Jail for Leighton Buzzard abuser who made partner feel terrified in her own home
Victim was physically and verbally attacked, denied food, had possessions broken, and saw pet dog treated cruelly too
A man from Leighton Buzzard has been sentenced to 20 months in prison, after admitting to abusive behaviour which caused his partner to feel unsafe in her own home.
Mark Jakeman, 41, of Brooklands Drive, was sentenced on Friday (March 26) at Luton Crown Court after pleading guilty to engaging in coercive and controlling behaviour, actual bodily harm (ABH) and criminal damage.
In a sustained campaign of abuse over their 18 month relationship, Jakeman hit and pushed her many times, causing injuries and bruising which she felt compelled to hide from her friends and family, from whom she became isolated, and was continually verbally abusive, denying her food, breaking her possessions, and throwing things at her. He was also cruel to her beloved dog, knowing this would cause her much distress.
On January 7, after enduring an “unbearable period” of constant physical and mental abuse, fuelled by alcohol and Jakeman’s anger during the Christmas and New Year period, she broke down at work and confided in colleagues who called the police.
Jakeman initially denied the charges, but pleaded guilty, and was sentenced to 20 months in jail, and also made the subject of a 10-year restraining order.
Speaking to officers from Beds Police's Emerald team, his ex-partner said: “I cannot believe that a person can do that to someone that they are supposed to love.
“The abuse was slow to start with and I couldn’t recognise what he was doing to me. In time it got worse, and then so bad that I was terrified in my home. I was constantly on edge and worrying.
“I was such a happy, bubbly person, but since being in a relationship with him, my self-esteem hit rock bottom. He used to put me down all the time and would constantly insult me; it made me feel worthless and not good enough.
“I didn’t tell anyone because I felt ashamed, and only feel safe now because he’s locked away and I know that he can’t hurt me.”
Detective Constable Leila Dales, of the force’s Emerald team, said: “Jakeman subjected his partner to a constant campaign of daily abuse in which he hurt her, wore her down, and isolated her, before she found the courage to seek help.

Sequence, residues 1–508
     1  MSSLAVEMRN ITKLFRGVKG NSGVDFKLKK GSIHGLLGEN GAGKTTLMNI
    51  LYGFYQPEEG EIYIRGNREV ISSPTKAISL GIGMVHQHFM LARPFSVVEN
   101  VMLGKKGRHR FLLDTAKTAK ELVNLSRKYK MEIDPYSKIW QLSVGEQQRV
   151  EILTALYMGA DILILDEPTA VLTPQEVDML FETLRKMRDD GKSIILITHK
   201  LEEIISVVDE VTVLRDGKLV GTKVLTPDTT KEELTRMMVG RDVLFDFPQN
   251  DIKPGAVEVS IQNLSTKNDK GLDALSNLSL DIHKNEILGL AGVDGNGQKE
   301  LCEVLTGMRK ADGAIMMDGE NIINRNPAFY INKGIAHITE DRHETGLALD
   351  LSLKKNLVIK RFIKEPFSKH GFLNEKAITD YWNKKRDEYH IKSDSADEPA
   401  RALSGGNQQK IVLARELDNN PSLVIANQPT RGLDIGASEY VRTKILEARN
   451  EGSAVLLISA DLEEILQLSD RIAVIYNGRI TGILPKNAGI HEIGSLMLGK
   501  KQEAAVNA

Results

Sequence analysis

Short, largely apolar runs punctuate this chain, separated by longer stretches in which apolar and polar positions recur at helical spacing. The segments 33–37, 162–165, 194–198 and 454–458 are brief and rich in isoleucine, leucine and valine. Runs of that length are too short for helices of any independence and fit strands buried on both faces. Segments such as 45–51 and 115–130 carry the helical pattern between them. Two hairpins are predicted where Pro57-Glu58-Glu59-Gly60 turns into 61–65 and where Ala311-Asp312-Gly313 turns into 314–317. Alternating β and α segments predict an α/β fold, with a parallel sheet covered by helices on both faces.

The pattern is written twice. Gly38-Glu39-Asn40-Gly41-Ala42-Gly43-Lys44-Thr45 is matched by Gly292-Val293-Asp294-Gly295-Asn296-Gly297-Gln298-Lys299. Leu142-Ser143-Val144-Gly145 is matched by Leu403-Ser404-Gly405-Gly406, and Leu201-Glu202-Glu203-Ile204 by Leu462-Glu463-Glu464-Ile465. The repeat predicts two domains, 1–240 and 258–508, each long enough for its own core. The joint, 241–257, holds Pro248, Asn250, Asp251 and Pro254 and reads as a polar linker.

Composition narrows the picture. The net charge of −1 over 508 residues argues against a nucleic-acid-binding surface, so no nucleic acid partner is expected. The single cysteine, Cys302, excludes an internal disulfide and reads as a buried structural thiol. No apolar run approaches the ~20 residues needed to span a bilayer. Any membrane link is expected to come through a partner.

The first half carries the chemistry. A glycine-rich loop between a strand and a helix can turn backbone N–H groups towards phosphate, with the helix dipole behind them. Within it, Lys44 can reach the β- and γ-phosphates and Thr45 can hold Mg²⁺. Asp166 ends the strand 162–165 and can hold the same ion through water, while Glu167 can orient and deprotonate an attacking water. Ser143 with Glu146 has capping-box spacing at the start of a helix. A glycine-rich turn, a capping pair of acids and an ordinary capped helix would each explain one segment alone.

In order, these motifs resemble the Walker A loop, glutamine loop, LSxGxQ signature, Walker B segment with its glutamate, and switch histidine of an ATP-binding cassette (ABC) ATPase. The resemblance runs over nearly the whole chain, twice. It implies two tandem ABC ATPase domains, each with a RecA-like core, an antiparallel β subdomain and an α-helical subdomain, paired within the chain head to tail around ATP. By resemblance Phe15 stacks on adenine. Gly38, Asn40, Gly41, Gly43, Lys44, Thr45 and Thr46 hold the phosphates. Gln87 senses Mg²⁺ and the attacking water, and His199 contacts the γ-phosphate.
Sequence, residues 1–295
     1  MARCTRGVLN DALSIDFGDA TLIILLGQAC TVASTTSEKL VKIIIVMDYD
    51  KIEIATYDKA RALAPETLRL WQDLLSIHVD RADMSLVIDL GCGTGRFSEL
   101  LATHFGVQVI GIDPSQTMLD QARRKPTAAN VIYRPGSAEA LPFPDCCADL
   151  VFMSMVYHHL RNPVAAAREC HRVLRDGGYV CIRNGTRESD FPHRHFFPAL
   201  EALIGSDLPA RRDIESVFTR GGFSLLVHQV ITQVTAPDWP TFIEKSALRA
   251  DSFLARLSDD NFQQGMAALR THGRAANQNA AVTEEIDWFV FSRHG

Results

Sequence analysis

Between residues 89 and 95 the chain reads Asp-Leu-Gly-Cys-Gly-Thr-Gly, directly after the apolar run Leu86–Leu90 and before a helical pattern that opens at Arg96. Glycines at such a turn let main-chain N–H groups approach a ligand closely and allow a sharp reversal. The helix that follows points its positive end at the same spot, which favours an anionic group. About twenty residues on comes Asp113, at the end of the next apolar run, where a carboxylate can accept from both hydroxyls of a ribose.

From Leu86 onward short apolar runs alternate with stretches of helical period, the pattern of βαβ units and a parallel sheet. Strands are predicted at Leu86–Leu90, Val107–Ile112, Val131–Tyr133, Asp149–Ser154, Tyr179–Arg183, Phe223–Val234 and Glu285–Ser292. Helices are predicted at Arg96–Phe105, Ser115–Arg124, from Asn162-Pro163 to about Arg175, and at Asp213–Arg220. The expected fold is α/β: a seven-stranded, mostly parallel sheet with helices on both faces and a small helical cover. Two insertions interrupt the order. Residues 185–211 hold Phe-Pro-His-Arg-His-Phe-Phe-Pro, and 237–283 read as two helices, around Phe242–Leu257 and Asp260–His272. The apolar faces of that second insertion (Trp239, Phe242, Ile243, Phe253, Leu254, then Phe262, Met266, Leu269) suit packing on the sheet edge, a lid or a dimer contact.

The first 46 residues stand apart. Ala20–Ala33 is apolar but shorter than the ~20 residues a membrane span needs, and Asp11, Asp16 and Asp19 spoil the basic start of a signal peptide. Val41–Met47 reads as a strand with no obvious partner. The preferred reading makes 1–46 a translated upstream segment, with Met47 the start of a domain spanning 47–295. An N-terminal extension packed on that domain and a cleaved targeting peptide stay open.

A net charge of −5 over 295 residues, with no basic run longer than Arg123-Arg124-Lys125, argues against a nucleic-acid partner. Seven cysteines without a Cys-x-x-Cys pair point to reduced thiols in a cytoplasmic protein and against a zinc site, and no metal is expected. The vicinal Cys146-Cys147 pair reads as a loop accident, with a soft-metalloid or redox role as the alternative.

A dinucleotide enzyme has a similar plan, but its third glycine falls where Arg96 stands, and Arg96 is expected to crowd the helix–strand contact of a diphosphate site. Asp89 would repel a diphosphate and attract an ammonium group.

“Domestic abuse, in any form, is unacceptable and we know how hard it is for people to tell anyone what is happening to them.
“We are committed to bringing perpetrators to justice and dedicated to providing support for victims. We would ask that you come forward so that we can investigate, and put offenders like Jakeman behind bars.”
Bedfordshire Police would also like to reassure those experiencing abuse that despite the pandemic, support is still available, and together with partner agencies, will continue to investigate and share information on how to make a report and to find help.
To report domestic abuse, call police on 101, or visit a participating pharmacy and ask for “ANI”. If someone is in immediate danger, call 999.
Alternatively, you can call independent charity Crimestoppers anonymously on 0800 555 111.
Victims of domestic abuse can also contact Signpost for free and confidential support, whether the abuse has been reported or not.
Signpost’s experienced staff and volunteers know what emotions and challenges victims may be going through. They are specially trained to listen and give help and advice.
Often just talking to someone, especially one who is not family or a friend, can help victims, or those affected, make sense of what has happened and find a way to help cope and recover.
They can provide a safe, neutral place for victims to voice their fears, worries and emotions. Their emotional support is confidential and non-judgemental. They also work with a range of specialist organisations and community support groups and can make referrals to help victims on their journey.
For further information or to get in contact visit www.signpostforbedfordshire.com■ We understand that some people may be angry or upset to see their name published here but covering court cases acts as a deterrent against crime and it is important that justice is being seen to be done.
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